Photo of construction materials on a worksite with illustrated red economic price increase arrow pointing upward

Construction input prices have now increased by 20.1% in the last 12 months — and are currently 46% higher than they were in the months leading up to the pandemic. And last month, construction costs continued to rise: Prices increased 1.9% from May to June, according to a recent report by The Association of Builders and Contractors (ABC). 

This inflationary trend has hammered contractors for the last couple of years, but economists are starting to see signs of a cooldown. While cheaper materials prices might provide some immediate relief for contractors, it’s too early to say what effects a possible recession might have on the construction industry as a whole.

Since early 2020, the effects stemming from the COVID-19 pandemic have wreaked havoc on global supply chains while simultaneously contributing to increased demand for certain construction services, such as housing. As a result, the construction industry has dealt with huge price increases that have generally outpaced normal consumer inflation.

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Other factors, such as the ongoing war in Ukraine, have also contributed to price disruptions. Energy costs saw large increases last month, with natural gas prices jumping over 24% since May.

The industry hasn’t seen price increases like this since the 1970s, and contractors across the country have faced project disruptions and cash flow instability as a result.

“It’s no secret that contractors and their customers have been walloped by massive increases in construction materials prices,” said Anirban Basu, Chief Economist at the ABC. Basu also noted that contractors have reported lower profit expectations as prices continued to increase last month.

However, signs of a slowdown are finally starting to appear. Of the 11 subcategories of nonresidential construction materials measured in the US Bureau of Labor Statistics’ Producer Price Index, four actually saw prices decrease from May to June. The price of lumber, which has fluctuated wildly over the past couple of years, dropped by nearly 25% last month alone.

“More recently, key commodity prices have declined, so it may be possible we have achieved peak inflation,” continued ABC’s Basu. “Indeed, with much of the world at risk of recession, there is likely to be further downward pressure on commodity prices going forward.”

“To secure work and to induce project starts, a growing fraction of contractors is having to trim margins.”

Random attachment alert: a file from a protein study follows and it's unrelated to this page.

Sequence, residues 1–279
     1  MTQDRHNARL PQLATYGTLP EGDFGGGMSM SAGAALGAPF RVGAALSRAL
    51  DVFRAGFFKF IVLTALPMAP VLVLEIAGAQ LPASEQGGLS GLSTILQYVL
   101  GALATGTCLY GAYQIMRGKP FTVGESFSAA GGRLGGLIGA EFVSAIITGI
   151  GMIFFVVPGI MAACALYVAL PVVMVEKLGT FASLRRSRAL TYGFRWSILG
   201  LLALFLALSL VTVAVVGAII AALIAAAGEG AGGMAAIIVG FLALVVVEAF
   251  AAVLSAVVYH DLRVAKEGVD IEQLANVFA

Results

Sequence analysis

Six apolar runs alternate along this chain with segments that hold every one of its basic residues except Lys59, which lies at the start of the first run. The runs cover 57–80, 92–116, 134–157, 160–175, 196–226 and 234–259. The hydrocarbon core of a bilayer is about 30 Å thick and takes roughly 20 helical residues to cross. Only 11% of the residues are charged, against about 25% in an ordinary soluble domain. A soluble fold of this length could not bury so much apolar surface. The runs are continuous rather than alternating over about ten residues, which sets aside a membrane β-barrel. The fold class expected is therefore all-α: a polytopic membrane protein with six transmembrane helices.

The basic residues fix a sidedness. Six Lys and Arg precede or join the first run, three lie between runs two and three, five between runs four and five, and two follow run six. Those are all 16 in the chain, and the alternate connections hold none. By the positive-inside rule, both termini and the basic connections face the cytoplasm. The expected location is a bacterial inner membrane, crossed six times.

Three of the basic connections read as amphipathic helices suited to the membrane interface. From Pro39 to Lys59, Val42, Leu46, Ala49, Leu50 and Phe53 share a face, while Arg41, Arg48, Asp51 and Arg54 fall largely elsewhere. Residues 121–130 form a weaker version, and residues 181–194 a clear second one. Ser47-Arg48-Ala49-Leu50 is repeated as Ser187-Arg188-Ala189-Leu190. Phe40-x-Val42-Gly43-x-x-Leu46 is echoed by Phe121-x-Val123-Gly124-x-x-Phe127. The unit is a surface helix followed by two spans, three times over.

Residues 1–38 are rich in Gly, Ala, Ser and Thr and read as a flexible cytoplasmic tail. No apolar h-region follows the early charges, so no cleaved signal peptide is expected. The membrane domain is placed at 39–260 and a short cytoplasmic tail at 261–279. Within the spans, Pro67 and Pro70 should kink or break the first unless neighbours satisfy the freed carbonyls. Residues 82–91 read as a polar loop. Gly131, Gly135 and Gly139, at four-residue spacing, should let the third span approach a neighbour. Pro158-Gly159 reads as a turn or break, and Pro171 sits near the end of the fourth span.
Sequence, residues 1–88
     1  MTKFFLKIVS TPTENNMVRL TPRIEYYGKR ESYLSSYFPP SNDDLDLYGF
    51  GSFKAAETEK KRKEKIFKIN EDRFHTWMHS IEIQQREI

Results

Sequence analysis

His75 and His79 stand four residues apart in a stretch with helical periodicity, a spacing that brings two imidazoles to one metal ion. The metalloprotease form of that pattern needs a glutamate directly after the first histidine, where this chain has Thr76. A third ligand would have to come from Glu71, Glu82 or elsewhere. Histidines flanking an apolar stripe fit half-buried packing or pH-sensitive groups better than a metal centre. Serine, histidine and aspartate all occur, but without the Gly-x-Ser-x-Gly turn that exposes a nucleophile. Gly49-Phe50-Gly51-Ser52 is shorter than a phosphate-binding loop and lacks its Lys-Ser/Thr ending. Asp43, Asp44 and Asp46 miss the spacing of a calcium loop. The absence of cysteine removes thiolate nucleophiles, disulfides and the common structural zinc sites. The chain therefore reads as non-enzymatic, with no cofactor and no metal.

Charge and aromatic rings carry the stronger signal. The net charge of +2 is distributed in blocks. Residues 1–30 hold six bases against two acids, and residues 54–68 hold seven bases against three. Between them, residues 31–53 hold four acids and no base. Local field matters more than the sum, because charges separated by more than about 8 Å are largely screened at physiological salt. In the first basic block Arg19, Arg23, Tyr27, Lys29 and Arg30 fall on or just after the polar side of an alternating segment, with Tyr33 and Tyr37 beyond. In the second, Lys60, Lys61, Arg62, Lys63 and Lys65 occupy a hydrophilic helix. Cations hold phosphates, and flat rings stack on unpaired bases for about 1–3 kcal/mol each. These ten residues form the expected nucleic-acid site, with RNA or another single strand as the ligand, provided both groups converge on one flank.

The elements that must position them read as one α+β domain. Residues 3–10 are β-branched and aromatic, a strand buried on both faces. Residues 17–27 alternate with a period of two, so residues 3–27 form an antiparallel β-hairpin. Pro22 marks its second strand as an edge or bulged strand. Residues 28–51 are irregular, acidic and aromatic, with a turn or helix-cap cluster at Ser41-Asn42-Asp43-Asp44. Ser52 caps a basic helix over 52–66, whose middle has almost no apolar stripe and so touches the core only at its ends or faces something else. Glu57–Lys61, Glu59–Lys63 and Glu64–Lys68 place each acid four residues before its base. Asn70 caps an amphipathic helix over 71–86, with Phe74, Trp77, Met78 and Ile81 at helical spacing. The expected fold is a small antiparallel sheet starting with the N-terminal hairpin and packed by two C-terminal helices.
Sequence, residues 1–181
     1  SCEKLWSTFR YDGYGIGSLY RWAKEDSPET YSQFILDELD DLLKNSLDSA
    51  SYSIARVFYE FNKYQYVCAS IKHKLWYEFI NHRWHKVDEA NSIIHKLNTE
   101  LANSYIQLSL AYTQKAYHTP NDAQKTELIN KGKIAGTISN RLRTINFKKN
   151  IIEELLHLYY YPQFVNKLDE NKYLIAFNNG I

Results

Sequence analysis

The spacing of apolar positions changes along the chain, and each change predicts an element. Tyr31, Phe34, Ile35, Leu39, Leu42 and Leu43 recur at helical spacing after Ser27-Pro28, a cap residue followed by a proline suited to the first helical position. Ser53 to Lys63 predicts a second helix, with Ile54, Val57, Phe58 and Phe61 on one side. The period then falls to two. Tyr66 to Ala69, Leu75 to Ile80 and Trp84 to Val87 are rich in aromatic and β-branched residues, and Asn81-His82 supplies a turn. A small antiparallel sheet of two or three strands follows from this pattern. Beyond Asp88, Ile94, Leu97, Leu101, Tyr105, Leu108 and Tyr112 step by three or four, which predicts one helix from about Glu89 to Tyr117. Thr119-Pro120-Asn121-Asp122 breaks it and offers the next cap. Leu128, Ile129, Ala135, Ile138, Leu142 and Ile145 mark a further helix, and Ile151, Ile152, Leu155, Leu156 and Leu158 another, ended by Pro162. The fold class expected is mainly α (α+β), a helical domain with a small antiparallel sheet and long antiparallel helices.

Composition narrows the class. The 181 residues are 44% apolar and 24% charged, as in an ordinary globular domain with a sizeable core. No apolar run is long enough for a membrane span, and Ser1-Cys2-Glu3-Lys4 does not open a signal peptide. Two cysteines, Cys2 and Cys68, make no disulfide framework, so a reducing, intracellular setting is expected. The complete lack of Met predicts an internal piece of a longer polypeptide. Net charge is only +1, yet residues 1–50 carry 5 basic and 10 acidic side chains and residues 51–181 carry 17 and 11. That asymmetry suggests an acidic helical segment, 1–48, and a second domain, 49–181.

– Anirban Basu, Chief Economist, The Association of Builders and Contractors

After months of an overheated economy, many economists are now predicting a recession is on the horizon. While nothing is certain, it’s possible that hard-hit contractors may continue to face a bumpy road for some time.

“In the context of rising fears of recession and rising borrowing costs, the stage has been set for softer nonresidential construction activity going forward,” said Basu. 

The ABC also reported recently that construction professionals’ expectations of profit margins fell last month to levels not seen since October 2021.

“For months, contractors expected sales, employment and margins to expand,” wrote Basu. “The most recent ABC survey indicates that, to secure work and to induce project starts, a growing fraction of contractors is having to trim margins.”

Despite these fears, the ABC expects the industry overall to continue to see growth over the next six months — due largely to the influx of federal spending on public projects.

“Public contractors can expect to remain busy in the context of a significant infrastructure spending package,” said Basu. The Biden Administration’s recently passed $1 trillion federal infrastructure bill was projected to create millions of jobs, revitalize the country’s infrastructure, and provide a major boost to the construction industry.

But other industry leaders such as The Association of General Contractors of America (AGC) warned last week that it will be increasingly hard for the industry to handle all sorts of public infrastructure projects — if prices continue to rise.

“The more materials prices increase, the harder it will be for public officials to build new schools, roads and other infrastructure,” said Stephen E. Sandherr, CEO of the AGC. “Taking steps to address rising materials prices will help construction employers and taxpayers alike.”

While some materials are getting cheaper, it’s clear there is still plenty of price volatility across the industry: “Some materials prices have fallen recently but others appear headed for further increases,” said Ken Simonson, Chief Economist for the AGC. 

“In addition, the supply chain remains fragile and persistent difficulties filling job openings mean construction costs are likely to remain elevated despite declines in some prices,” Simsonson said.

The AGC has lobbied the Biden administration to remove tariffs on construction materials wherever possible and to seek ways to alleviate the continued pressure on supply chains.

If inflation really is plateauing, declining materials prices may provide some needed relief for contractors — but it’s still too early to predict the full impact of a possible recession on the demand for construction services.